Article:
Chevron in Ecuador

The archive of the Clean Up Ecuador campaign website

Chevron Falls Short On Disclosure Obligations Relating to $27 Billion Ecuador Liability, Says Investor Advisory Group

Oppenheimer Warns Ecuador Problem Could “Depress” Chevron Stock; Risk Metrics Urges Greater “Transparency” From Oil Giant

Amazon Defense Coalition

Amazon Defense Coalition
Contact: Karen Hinton at +1.703.798.3109

New York, NY (May 26, 2009) – In another setback to Chevron management, a leading investment advisory group is urging the oil giant to disclose more details of a potential $27 billion environmental liability in Ecuador just before what is expected to be a major showdown on the issue at the annual shareholder’s meeting May 27th in California.
The statement by Risk Metrics follows the announcement of a probe by the New York State Attorney General, Andrew Cuomo, to determine if Chevron is misleading investors about the liability, which concerns the clean-up of what experts believe is the worst oil-related contamination on the planet.  The case is on trial in Ecuador at Chevron’s request after it was initially filed in 1993 in federal court in New York by an estimated 30,000 rainforest residents.
Further, analysts at both Barclay’s and Oppenheimer are now warning Chevron investors about the Ecuador liability in their recent quarterly reports on the company.  Oppenheimer, in a report dated May 4th, said the $27 billion claim from Ecuador “could depress the stock until a settlement is reached… the sooner this is removed, the better off shareholders will be.”  Barclay’s called the Ecuador case a “drag” on Chevron’s stock value.
“The pressure is increasing on Chevron’s management over the uncertainty surrounding a very significant potential environmental liability in Ecuador,” said Dan Orlow, an investment advisor who works on the legal team that represents the Amazonian communities.
The lawsuit accuses Texaco (now Chevron) of dumping more than 18 billion gallons of toxic “water of formation” into Amazon waterways and abandoning more than 900 toxic waste pits, which continue to leach hydrocarbons into rivers and groundwater.  A court-appointed team of 15 experts found that 1,401 people had died of cancer and assessed damages, including a clean-up of a 1,700 sq. mile area, at $27 billion.
Risk Metrics, which provides risk management and corporate governance services to investors, published a review of a shareholder resolution calling on Chevron to examine whether it complies with host country laws and environmental regulations. The resolution, which is being supported by some of the nation’s largest pension funds, stems from criticism that Chevron violated such laws in Ecuador.
Risk Metrics urged shareholders to vote against the resolution, calling it too burdensome to implement.  But its analysis also contained a warning for the company about disclosure.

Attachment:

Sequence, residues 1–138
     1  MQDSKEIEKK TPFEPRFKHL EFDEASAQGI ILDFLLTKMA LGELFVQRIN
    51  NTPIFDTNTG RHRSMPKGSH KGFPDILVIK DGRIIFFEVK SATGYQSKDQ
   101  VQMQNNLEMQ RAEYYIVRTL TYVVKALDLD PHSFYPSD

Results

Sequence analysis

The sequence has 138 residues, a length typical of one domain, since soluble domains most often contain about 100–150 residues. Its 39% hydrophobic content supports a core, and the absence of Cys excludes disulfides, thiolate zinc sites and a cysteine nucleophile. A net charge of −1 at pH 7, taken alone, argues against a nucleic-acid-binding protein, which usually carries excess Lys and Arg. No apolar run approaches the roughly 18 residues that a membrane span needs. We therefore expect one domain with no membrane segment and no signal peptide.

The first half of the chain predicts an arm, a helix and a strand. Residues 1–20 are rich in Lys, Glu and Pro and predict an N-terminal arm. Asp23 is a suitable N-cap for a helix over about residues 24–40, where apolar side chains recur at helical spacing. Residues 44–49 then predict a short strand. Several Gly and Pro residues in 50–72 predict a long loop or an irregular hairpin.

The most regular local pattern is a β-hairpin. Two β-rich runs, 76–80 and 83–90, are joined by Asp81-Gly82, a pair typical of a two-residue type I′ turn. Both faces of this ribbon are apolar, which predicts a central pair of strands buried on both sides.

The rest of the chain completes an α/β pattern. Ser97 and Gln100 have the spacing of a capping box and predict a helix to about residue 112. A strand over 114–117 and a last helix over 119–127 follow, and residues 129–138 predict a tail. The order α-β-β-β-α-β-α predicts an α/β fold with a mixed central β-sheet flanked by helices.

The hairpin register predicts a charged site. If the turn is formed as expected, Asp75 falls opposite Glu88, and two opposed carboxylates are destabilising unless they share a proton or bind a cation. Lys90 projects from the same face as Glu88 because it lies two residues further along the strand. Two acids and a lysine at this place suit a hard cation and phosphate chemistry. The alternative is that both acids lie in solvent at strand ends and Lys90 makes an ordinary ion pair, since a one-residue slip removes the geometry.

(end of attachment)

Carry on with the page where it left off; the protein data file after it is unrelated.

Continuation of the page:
Risk Metrics stated that “it is noteworthy that [Chevron] has not made public the amount, estimated to be $27 billion, that it may be liable to pay upon the verdict of the Ecuadorian courts, nor any information as to how the company plans to manage the possible outcome.  It would be beneficial for the company to increase its disclosure … and provide further details and transparency to shareholders relating to its obligation of liability in the countries where it operates, especially in light of recent developments regarding the company’s liability in Ecuador.”
Public pension funds supporting the resolution on Ecuador include CaLPERS, the largest public pension fund in the country with $170 billion in assets, and those of New York State, Maryland, Pennsylvania and the cities of New York, Philadelphia and Detroit. Together they own well over $1 billion in Chevron stock.
If the Ecuadorian judge accepts the damages assessment, it could be the largest judgment in history for an environmental case and would almost surpass the $31 billion Chevron paid to purchase Texaco in 2001.
Despite the specificity of the damages claim, Chevron claims in its public filings with the SEC that it is unable to estimate a potential loss in the Ecuador case. The company also said it believes it is not subject to the jurisdiction of Ecuador’s courts, despite voluntarily submitting to the jurisdiction in Ecuador as a condition of the case being transferred out of U.S. federal court in 2002.
“We believe there are multiple misleading or demonstrably false statements in Chevron’s public filings that contradict facts in the trial record,” said Pablo Fajardo, the lead Ecuadorian lawyer on the legal case.  “Chevron not only needs more disclosure, Chevron needs to offer truthful disclosure which it has yet to do based on our assessment.”
The Cuomo investigation is being brought under New York’s Martin Act, which allows for both civil and criminal liability for fraud.  Several New York shareholders had requested the probe to determine if Chevron is complying with state and federal securities laws.
Separately, leaders from Ecuador’s Amazon region are expected to attend the shareholder’s meeting and confront Chevron CEO David O’Reilly over the company’s allegedly misleading assertions about Ecuador.